Ficus elastica, the rubber fig, rubber bush, rubber tree, rubber plant, or Indian rubber bush, Indian rubber tree, is a species of plant in the fig genus, native to eastern parts of South Asia and southeast Asia. It has become naturalized in Sri Lanka, the West Indies, and the US State of Florida.
It is a large tree in the banyan group of figs, growing to 30–40 metres (98–131 ft) (rarely up to 60 metres or 200 feet) tall, with a stout trunk up to 2 metres (6.6 ft) in diameter. The strong and irregular trunk, up to 2 meters in diameter, develops aerial and buttressing roots to anchor it in the soil and help support heavy branches.
It has broad shiny oval leaves 10–35 centimetres (3.9–13.8 in) long and 5–15 centimetres (2.0–5.9 in) broad; leaf size is largest on young plants (occasionally to 45 centimetres or 18 inches long), much smaller on old trees (typically 10 centimetres or 3.9 inches long). The leaves develop inside a sheath at the apical meristem, which grows larger as the new leaf develops. When it is mature, it unfurls and the sheath drops off the plant. Inside the new leaf, another immature leaf is waiting to develop.
Pollination and fruitingEdit
As with other members of the genus Ficus, the flowers require a particular species of fig wasp to pollinate it in a co-evolutionary relationship. Because of this relationship, the rubber plant does not produce highly colourful or fragrant flowers to attract other pollinators. The small ovoid greenish-yellow inflorescence called "sycones", enveloped in protective bracts, appear in pairs in the axils of the leaves of mature trees throughout the year. The fruit is a small yellow-green oval fig 1 centimetre (0.39 in) long, barely edible; these are false fruits that only contain fertile seeds in areas where the pollinating insect is present.
The natural range of rubber ranges from Nepal in the north to Indonesia, Bhutan, northeastern India, Burma and China (Yunnan) and Malaysia. It has been widely introduced in most tropical regions of the world, including Hawaii and the West Indies. Finally, in Europe, it can be found in the sheltered gardens of the Côte d'Azur and on the Spanish and Italian coast.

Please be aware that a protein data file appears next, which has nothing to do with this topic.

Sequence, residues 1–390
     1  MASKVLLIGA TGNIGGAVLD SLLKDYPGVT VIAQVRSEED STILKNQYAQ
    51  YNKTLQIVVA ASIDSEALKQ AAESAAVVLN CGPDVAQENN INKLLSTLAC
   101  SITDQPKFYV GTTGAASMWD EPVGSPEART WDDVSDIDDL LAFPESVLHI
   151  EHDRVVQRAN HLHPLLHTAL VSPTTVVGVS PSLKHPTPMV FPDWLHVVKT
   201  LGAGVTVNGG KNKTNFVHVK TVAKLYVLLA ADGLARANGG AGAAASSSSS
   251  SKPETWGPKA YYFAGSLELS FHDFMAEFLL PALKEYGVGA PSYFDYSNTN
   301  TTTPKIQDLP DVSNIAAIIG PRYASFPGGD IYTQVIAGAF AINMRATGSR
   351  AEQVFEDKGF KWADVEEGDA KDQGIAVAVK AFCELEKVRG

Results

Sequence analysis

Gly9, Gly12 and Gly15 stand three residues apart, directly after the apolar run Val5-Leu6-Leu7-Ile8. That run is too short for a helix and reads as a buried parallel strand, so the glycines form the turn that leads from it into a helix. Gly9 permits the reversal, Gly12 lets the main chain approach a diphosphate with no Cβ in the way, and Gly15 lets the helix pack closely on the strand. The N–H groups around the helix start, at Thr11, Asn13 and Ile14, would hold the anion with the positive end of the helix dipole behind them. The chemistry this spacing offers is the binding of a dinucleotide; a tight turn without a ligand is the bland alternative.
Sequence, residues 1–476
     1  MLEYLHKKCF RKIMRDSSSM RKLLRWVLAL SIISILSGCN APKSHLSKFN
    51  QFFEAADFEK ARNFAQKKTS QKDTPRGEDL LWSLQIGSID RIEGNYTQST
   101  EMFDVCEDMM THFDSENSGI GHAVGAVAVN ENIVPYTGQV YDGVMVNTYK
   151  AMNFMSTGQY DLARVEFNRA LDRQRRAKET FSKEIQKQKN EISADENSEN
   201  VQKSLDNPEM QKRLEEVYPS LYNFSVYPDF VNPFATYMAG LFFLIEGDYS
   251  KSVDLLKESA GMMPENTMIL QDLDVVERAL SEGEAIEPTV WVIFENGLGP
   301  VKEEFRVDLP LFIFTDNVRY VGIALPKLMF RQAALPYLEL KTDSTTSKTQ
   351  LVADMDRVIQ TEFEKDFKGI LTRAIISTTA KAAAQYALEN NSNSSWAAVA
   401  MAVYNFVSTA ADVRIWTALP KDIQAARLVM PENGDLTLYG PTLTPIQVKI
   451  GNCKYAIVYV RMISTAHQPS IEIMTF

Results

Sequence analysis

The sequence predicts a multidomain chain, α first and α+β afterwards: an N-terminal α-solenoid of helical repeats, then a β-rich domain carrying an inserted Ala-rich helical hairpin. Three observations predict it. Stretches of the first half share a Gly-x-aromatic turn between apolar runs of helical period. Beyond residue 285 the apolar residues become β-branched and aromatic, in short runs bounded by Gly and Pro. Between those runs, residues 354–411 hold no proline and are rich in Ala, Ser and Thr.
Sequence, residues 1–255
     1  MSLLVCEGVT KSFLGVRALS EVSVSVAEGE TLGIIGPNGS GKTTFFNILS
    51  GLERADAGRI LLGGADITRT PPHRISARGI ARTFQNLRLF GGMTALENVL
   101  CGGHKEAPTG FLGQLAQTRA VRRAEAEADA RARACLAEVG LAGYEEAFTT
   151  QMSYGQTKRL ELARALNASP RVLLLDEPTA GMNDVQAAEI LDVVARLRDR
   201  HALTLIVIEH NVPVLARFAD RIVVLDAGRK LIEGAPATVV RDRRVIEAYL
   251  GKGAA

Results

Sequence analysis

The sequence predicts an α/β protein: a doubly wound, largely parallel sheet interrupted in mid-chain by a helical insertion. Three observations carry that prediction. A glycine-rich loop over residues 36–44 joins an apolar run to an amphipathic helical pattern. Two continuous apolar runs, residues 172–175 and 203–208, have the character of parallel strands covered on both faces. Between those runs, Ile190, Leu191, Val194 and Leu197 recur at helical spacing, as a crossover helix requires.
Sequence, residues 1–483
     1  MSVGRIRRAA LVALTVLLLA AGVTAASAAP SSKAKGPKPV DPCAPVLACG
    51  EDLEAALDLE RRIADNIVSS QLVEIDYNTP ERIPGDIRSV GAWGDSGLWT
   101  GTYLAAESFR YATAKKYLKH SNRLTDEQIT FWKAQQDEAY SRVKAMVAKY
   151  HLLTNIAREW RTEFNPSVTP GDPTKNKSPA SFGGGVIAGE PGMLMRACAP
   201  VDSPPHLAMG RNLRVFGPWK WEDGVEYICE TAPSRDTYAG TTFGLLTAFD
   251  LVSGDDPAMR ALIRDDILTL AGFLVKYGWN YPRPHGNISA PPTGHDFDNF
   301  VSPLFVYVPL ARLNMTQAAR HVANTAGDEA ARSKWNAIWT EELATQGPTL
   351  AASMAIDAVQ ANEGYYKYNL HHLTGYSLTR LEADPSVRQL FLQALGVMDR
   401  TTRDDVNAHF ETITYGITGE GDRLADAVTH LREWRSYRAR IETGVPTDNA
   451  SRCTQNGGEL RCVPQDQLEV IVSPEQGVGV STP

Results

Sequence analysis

Cultivation and usesEdit
Ficus elastica is grown around the world as an ornamental plant, outside in frost-free climates from the tropical to the Mediterranean and inside in colder climates as a houseplant. Although it is grown in Hawaii, the species of fig wasp required to allow it to spread naturally is not present there.
Most cultivated plants are produced by vegetative propagation. This can be done by cuttings or by layering. This last method consists in notching the stem of the plant. The wound, which leaves the latex of the plant oozing, is coated with cuttings hormones and tightly wrapped with moist foam. The hole is covered with a plastic film and left a few months at the end of which new roots have developed from the axillary buds. The stem is then weaned and the new plant can be repotted.
All parts of the plant contain an abundant milky white latex, which has been tested for use in the manufacture of rubber, but without economic and technical results; the rubber is actually produced from the sap of the rubber tree .
In cultivation, it prefers bright sunlight but not hot temperatures. It has a high tolerance for drought, but prefers humidity and thrives in wet, tropical conditions. Ornamental hybrids (such as Robusta) have been derived from Ficus elastica with broader, stiffer and more upright leaves than the wild form. Many such hybrids exist, often with variegated leaves.
Ficus elastica yields a milky white latex, a chemical compound separate from its sap and carried and stored in different cells. This latex was formerly used to make rubber, but it should not be confused with the Pará rubber tree (Hevea brasiliensis), the main commercial source of latex for rubber making. Just as with Hevea brasiliensis, the latex of Ficus elastica is an irritant to the eyes and skin and is toxic if taken internally.
Illustration from Köhler's Medicinal Plants (1887)
An 1854 illustration of Ficus elastica trained as a living bridge
Ficus elastica leaf on the left compared to Ficus lutea on the right
Ficus elastica near the roadside in Savusavu, Fiji, showing the effects of constant pruning on the growth form.
A huge Ficus elastica tree in Ghana showing the aerial roots.
A variegated cultivar
- The Plant List
- Zhengyi Wu, Zhe-Kun Zhou & Michael G. Gilbert. "Ficus elastica". Flora of China. Missouri Botanical Garden, St. Louis, MO & Harvard University Herbaria, Cambridge, MA. Retrieved 29 August 2013.
- Flora of North America, Ficus elastica Roxburgh ex Hornemann, 1819. India rubber plant
- Living Root Bridges
- MacDonald, Elvin "The World Book of House Plants" Popular Books
|Wikimedia Commons has media related to Ficus elastica.|